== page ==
It’s a catchy word. It has long been a terrible, tired cliché, particularly when it is uttered to describe oneself. It is usually more about trying hard to be different and less about being oneself, that is, a declaration that betrays one’s lack of depth.
Is it fair to credit James Joyce for the word’s popularity? It’s been a long time since I read anything by Joyce, but I think he had alluded to something a little more complex and conflicted.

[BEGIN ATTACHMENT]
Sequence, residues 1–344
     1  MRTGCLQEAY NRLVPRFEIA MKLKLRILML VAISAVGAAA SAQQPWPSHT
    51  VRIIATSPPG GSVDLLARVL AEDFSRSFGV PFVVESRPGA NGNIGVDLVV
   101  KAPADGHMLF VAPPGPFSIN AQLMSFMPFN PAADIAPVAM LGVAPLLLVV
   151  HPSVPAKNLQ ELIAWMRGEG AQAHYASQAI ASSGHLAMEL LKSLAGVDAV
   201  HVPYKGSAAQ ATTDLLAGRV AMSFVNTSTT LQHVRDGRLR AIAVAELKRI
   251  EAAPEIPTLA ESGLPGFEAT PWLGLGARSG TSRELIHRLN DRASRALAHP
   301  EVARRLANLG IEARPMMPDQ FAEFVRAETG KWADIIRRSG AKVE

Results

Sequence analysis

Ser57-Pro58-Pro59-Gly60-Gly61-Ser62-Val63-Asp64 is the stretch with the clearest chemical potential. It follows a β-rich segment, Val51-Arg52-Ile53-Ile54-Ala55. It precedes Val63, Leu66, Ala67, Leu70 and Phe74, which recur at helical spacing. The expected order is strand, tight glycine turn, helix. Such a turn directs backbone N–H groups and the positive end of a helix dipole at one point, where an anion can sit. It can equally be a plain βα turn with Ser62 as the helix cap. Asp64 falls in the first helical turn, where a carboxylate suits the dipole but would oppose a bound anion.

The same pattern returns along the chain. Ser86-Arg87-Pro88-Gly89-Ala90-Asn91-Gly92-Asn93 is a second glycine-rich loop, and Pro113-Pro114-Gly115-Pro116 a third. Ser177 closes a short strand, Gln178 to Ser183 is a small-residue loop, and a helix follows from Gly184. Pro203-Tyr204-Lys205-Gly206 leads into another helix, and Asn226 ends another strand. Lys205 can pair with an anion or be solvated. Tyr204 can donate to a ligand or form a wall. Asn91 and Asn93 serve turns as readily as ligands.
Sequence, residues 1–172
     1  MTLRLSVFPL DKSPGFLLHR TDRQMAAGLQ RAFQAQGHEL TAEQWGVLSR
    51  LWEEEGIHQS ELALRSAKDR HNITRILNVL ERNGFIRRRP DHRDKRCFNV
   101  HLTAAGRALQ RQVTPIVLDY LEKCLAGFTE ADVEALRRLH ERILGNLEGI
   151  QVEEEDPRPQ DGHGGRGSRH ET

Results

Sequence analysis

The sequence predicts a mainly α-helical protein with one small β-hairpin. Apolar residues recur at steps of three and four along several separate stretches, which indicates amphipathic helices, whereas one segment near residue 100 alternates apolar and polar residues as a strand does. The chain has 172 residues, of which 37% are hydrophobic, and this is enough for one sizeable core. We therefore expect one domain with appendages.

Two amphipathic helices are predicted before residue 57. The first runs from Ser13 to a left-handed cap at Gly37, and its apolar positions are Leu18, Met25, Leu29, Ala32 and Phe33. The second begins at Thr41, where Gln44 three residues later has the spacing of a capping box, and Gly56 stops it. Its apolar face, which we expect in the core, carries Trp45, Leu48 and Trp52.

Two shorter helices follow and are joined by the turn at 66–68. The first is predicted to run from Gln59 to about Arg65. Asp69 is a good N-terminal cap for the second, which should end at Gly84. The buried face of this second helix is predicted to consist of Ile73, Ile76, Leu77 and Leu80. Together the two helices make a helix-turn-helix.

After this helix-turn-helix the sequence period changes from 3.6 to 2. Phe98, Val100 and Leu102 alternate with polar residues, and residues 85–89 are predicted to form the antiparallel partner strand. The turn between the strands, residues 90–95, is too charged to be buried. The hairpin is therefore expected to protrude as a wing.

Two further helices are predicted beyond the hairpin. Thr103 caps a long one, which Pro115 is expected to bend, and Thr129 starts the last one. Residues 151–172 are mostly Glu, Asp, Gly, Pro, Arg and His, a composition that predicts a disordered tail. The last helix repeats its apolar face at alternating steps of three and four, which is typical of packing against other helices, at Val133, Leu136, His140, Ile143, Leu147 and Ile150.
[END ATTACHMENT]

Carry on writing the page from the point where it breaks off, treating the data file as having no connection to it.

I know a former design director who has a penchant for young men, clearly in disregard of the rule about not dating anyone under half your age plus seven. When we used to live in the same city, we bumped into each other regularly at restaurants, bars and cafes. Each time, he had a different toy boy barely old enough to drink, and they were usually seated at a table next to ours for some odd reason. On one such occasion, it was rather obvious that his dinner companion had not known him for very long and was very keen to impress him. The young chap was rattling on about his family, background, a university course he was taking, favourite films and other topics routinely (and often painfully) covered on a first date. I don’t remember whether there was a mention of the favourite colour but do recall him declaring, with triumph in his voice, that he is a nonconformist. The whole point of the sport of eavesdropping is to hear something worth remembering, isn’t it? I did feel a bit sorry for the nonconformist who didn’t realise that he fit the mould almost flawlessly, just like all the ones before and after him. And, being a little different about something trivial was not going to impress his jaded patron for the evening. Or most others.